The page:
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By Phil Hall | March 20, 2001

John Singer Sargent (1856-1925) occupies a curious place in the history of American art. Actually, his inclusion in any discussion of American art should be open to debate: he was born in Florence, Italy, to expatriate Americans and achieved the bulk of his success in France and England, eventually taking up residence in London and never setting foot in the United States until he was in his thirties. His output was prolific (over 800 portraits and 1,800 landscapes) and he was much sought after by the most prominent figures on both sides of the Atlantic. Yet after his death, his reputation almost immediately plummeted and for years he was dismissed as a mere portraitist of the aristocracy.
“John Singer Sargent: Outside the Frame” is a mild yet beautifully produced documentary which seeks to rehabilitate the artist’s reputation. Several art historians make the customary talking head commentary and Jacqueline Bisset provides a crisp narration to explain the whos and whats of the story, and the film uses handsome HDTV photography to allow Sargent’s work to speak for itself. In some ways this was not the best idea, while in some cases it offers a fascinating insight into isolated highlights in his vast output.
To be frank, I am not a fan of Sargent’s work and I’ve long considered his style to be erratic. “John Singer Sargent: Outside the Frame” openly identifies many of his eccentricities, most notably his infatuation with the Victorian/Edwardian concept of “Orientalist” exotica and a curious habit of asymmetrical compositions. The film plays on these habits as strengths, though they can also be viewed by less sympathetic eyes as clumsily-executed works featuring people in Turkish trousers and beaded veils. Sargent also coasted in and out of Impressionism without mooring and his lack of complete comfort in this school of painting is fairly evident in many of his works. Symbolism was also not one of his strongest points and charges of anti-Semitism in his heavy-handed painting “The Synagogue” aroused unnecessary controversy and bitterness (especially since the picture was part of a mural series at the Boston Public Library which was subsequently left unfinished amid the brouhaha).
During his life Sargent’s portrait work was much sought after, and especially among the parvenu magnates of late 19th century America. While he later expressed loathing to create portraits, his commissions provided him with a considerable wealth which funded his nomadic travels around the world (a point the film casually overlooks). He could be brutally honest, sometimes to the point of near-career suicide as with the infamous “Madame X,” an icy and insolent portrait of an American social climber who married wealth in Paris. The portrait captured his subject’s lack of grace a little too well and it virtually killed his career for several years. A later portrait of a wealthy lady patron was consigned to storage for years when his depiction of her ample figure was too accurate for her comfort.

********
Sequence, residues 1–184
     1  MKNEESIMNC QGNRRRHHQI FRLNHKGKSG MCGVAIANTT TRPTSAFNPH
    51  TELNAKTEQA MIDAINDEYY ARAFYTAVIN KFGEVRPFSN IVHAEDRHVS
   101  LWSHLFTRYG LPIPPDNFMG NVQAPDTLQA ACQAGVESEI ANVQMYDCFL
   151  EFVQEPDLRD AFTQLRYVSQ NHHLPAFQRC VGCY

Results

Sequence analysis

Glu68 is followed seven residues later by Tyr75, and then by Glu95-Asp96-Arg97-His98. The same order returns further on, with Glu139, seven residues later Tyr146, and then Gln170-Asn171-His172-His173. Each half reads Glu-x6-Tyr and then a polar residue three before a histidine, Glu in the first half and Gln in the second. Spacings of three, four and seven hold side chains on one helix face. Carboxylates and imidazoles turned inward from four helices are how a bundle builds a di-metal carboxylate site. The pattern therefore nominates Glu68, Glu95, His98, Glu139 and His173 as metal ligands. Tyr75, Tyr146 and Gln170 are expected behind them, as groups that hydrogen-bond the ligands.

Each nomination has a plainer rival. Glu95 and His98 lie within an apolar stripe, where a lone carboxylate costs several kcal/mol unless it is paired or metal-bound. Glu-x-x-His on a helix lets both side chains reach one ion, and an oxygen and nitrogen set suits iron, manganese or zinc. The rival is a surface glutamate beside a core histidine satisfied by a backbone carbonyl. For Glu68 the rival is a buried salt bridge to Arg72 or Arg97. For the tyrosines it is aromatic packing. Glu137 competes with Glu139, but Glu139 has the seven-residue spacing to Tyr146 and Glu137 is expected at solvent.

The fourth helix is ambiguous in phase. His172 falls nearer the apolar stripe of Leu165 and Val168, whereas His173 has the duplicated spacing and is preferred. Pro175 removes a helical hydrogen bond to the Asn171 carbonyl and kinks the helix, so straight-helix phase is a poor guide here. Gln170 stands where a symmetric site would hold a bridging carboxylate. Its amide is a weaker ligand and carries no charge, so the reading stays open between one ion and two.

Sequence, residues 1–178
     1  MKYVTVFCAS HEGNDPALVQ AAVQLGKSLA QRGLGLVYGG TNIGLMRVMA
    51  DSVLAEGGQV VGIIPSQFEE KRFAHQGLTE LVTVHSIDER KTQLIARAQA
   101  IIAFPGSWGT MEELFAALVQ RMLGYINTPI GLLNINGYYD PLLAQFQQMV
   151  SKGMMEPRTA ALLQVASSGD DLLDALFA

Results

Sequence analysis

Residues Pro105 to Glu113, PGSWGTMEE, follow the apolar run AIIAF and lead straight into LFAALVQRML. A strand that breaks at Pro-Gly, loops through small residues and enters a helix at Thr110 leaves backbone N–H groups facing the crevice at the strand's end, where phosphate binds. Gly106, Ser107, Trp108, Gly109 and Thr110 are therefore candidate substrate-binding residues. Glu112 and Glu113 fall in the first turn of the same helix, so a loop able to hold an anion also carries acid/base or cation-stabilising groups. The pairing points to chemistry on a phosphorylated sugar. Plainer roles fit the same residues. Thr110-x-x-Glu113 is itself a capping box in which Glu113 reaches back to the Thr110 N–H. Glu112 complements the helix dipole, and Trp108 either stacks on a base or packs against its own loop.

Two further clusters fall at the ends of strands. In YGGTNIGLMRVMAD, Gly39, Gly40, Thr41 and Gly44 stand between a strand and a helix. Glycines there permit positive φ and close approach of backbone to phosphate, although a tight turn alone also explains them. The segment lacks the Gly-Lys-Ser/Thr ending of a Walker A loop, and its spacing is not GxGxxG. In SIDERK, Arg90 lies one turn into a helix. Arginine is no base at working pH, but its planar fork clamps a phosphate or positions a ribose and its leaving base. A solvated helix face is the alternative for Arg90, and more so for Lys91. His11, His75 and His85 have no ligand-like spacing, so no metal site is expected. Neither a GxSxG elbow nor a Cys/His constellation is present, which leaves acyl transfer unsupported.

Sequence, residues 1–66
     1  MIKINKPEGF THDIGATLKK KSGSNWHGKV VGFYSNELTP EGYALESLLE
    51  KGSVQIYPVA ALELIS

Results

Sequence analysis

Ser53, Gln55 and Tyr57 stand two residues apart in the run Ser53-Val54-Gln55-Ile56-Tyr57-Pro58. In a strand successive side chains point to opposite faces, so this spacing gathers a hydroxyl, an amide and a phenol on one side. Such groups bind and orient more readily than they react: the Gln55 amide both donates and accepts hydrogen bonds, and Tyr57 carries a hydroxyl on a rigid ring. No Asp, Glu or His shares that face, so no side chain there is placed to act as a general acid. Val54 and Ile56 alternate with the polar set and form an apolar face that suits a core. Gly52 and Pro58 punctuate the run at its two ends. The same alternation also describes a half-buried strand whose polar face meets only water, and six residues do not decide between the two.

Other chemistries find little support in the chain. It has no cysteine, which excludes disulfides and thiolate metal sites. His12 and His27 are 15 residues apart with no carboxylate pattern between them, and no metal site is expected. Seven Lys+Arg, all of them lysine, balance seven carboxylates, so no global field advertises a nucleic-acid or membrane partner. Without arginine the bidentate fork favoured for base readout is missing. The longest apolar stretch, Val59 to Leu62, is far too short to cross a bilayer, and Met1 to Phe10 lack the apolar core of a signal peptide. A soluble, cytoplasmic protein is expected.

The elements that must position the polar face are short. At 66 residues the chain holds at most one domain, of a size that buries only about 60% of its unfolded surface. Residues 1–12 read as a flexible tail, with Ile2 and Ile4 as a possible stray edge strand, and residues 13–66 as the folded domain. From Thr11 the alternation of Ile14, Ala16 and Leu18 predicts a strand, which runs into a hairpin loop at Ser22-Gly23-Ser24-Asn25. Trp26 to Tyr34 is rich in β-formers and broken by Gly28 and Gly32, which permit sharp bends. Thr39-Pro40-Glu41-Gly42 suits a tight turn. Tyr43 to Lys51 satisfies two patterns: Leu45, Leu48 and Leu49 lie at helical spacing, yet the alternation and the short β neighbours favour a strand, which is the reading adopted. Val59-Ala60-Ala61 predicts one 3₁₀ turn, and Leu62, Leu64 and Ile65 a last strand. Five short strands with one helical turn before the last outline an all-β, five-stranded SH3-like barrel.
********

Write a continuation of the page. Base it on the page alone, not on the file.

Yet Sargent did not lack talent and the film offers loving explorations across the canvases of his finest work. His triumphant “El Jaleo,” painted after a visit to Spain, shows clear influences from Goya yet stands on its own merits as a joyous celebration of Iberian dance and song. “Carnation, Lily, Lily, Rose” is a treasure of light and composition, offering the simplicity of little girls lighting paper lanterns with a delicacy of color and power of observation which is peerless. And his masterpiece, the horrific “Gassed,” depicts the wreck of the human race in a line of blindfolded soldiers whose eyes were damaged in a World War I gas attack. The wounded and sightless soldiers march in a line, each man’s hands holding the shoulders of the comrade in front of them, all stumbling through the muck and ruin of the front lines off to a destination and future unknown to them or those who view their procession. As a painter whose career was primarily spent in the salons and drawing rooms of the upper crust, it is a stunning departure offering a glimpse of the trenchant view of humanity and inhumanity…and also a rare glimpse into what Sargent’s work could have been.
“John Singer Sargent: Outside the Frame” has a few unfortunate distractions, most notably a labored classical piano score which comes and goes with no reason and a rip-off of the Ken Burns style of narration where diaries and reviews are read in pretentious hushes and suffixed with the name of their respective writers. There is also an inane speculation on whether the highly-private artist, who never married and had no known romantic liaisons, was gay (no evidence is provided outside of a few sketches of handsome young men, which are not identified in their proper context). Yet for the viewer who is new to Sargent, the film provides a satisfactory (if less than stirring) hour-long introduction to the man and his work.

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